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This weekly report presents insights from our Global Investment Management team.
President Trump was inaugurated into office last week amid rallies and protests lining the streets that continued into the weekend. In his first few days in office, Trump has already put forth executive orders to freeze new agency regulations, withdraw from the Trans-Pacific Partnership, and renegotiate the North American Free Trade Agreement. These actions will have strong effects on production and trade for the U.S. on a worldwide scale.
The president also signed orders to prepare for the repeal of the Affordable Care Act among other social and intergovernmental directives. Investors are still on standby to determine which campaign assurances will become reality.
Financial markets climbed higher on the news of a more “laissez-faire” approach to business. Domestic stocks were mostly flat during the day of the Inauguration, but they have rallied the first two days of this week; the S&P 500 Index reached another record high of 2,280 as of close on Tuesday. The pro-business actions from the executive branch weren’t the only things buoying markets as quarterly earnings data are rolling in. Despite being early in the reporting season, growth in sales and earnings have already hit the positive levels of last quarter and are giving investors hope for even stronger corporate earnings growth at the end of 2016.
International markets were a little rockier, as countries abroad digested news that will heavily influence global trade. Overseas markets also had to absorb the U.K. Supreme Court’s ruling that Parliament must vote to start the U.K.’s withdrawal from the European Union. This will likely be a hurdle for Prime Minister Theresa May who seeks a more straightforward “hard Brexit” than others in the British government. This would mean that the U.K. would take a hardline stance on issues like immigration and would distance itself with regard to trade and regulation from the European Union. The ruling will also give Parliament the opportunity to bog down the bill and could make a timely and comprehensive separation of the U.K. from the union almost impossible.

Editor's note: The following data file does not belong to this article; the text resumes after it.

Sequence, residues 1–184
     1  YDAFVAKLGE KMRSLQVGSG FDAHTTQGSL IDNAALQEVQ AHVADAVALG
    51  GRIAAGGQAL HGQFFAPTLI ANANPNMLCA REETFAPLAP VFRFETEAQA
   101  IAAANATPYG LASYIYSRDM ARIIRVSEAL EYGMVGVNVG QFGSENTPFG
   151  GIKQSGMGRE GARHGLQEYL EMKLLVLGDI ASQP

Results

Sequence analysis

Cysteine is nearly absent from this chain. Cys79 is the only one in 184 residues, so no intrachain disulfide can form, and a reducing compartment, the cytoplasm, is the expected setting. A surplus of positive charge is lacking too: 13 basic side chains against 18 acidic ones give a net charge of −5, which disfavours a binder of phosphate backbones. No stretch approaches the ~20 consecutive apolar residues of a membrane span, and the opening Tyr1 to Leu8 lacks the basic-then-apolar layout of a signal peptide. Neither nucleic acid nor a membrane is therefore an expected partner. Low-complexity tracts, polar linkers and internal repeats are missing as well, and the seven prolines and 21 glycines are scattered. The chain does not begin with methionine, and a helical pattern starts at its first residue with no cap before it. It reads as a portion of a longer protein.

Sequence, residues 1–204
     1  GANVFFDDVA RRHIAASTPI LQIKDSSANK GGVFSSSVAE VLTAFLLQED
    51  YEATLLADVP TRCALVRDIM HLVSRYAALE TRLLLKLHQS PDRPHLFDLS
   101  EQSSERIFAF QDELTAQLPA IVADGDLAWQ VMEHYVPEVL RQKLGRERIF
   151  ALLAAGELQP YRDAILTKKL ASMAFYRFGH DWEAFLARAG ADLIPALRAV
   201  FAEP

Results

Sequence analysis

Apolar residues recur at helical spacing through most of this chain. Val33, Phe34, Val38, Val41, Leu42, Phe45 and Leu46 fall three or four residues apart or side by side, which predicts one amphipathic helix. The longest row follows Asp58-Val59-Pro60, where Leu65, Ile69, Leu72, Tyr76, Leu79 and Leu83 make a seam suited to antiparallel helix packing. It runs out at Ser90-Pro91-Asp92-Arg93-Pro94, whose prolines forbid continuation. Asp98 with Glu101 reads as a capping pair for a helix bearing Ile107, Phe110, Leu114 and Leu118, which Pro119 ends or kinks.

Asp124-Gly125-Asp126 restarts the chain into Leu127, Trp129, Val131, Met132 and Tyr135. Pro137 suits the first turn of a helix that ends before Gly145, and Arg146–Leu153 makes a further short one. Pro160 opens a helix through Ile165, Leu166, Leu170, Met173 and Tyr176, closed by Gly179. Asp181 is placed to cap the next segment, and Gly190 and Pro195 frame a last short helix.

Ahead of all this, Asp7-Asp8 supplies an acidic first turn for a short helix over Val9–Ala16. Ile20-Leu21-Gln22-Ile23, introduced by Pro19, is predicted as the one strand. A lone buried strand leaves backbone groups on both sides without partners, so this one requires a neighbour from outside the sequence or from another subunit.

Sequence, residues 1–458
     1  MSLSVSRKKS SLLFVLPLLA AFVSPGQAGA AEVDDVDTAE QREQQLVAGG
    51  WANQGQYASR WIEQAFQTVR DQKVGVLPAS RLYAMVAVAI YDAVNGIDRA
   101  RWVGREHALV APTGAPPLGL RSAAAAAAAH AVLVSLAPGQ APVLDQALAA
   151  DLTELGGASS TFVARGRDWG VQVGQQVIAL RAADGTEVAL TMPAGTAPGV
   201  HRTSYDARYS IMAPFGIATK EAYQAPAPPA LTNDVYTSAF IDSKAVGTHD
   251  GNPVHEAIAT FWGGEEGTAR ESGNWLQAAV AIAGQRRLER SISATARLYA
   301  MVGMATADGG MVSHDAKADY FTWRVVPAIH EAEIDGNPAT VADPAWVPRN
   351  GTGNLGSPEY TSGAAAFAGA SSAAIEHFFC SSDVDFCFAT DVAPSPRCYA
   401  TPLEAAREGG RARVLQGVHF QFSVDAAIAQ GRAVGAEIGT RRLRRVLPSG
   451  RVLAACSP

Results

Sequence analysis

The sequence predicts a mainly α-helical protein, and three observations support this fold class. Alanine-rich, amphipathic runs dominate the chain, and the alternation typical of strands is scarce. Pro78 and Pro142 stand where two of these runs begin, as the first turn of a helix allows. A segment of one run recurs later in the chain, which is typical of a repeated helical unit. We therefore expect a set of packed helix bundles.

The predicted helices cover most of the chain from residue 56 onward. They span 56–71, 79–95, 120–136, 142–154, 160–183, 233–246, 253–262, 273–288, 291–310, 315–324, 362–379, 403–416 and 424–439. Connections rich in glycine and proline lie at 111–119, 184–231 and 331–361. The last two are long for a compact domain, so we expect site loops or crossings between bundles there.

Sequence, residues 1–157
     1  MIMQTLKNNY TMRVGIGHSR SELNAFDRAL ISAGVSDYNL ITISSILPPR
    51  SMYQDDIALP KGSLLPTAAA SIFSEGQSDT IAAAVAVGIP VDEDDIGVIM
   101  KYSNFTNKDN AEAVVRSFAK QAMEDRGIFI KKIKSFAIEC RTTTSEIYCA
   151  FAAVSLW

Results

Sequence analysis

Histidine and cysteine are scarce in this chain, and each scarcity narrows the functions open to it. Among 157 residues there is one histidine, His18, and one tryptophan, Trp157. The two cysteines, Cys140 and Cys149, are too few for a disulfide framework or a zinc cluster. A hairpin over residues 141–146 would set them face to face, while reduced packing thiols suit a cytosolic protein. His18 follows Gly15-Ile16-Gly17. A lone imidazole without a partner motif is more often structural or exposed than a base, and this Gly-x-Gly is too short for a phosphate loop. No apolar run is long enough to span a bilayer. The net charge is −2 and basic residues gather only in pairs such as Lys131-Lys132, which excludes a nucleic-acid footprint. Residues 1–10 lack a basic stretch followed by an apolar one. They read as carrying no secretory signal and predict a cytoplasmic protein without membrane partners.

Over the past few months, our strategies have remained slightly overweight equities, but with a defensive tilt within all three major asset classes. While the domestic growth forecast may be notably improving, there are still uncertainties surrounding exactly what agreements and laws will be passed under the new administration. However, positive earnings growth could lend credence to the higher than historic price-to-earnings multiples in stocks. Internationally, the concept of a “hard Brexit” could cause market upheaval if the process is not transparent and orderly. Our team will continue to monitor key issues as we proactively position our portfolios.
Investing involves risk, including the possible loss of principal and fluctuation in value. Economic and market forecasts reflect subjective judgments and assumptions, and unexpected events may occur. Therefore, there can be no assurance that developments will transpire as forecasted. The information in this newsletter is for informational purposes only and is not intended to be investment advice or a recommendation. Nothing in this newsletter should be interpreted to state or imply that past results are an indication of future performance.
Fixed income securities are subject to interest rate, inflation, credit and default risk. The bond market is volatile. As interest rates rise, bond prices usually fall, and vice versa. The return of principal is not guaranteed, and prices may decline if an issuer fails to make timely payments or its credit strength weakens.
International securities involve additional risks such as currency fluctuations, differing financial accounting standards, and possible political and economic instability. These risks are greater in emerging markets.
Diversification and asset allocation do not ensure a profit or guarantee against loss.Read More ›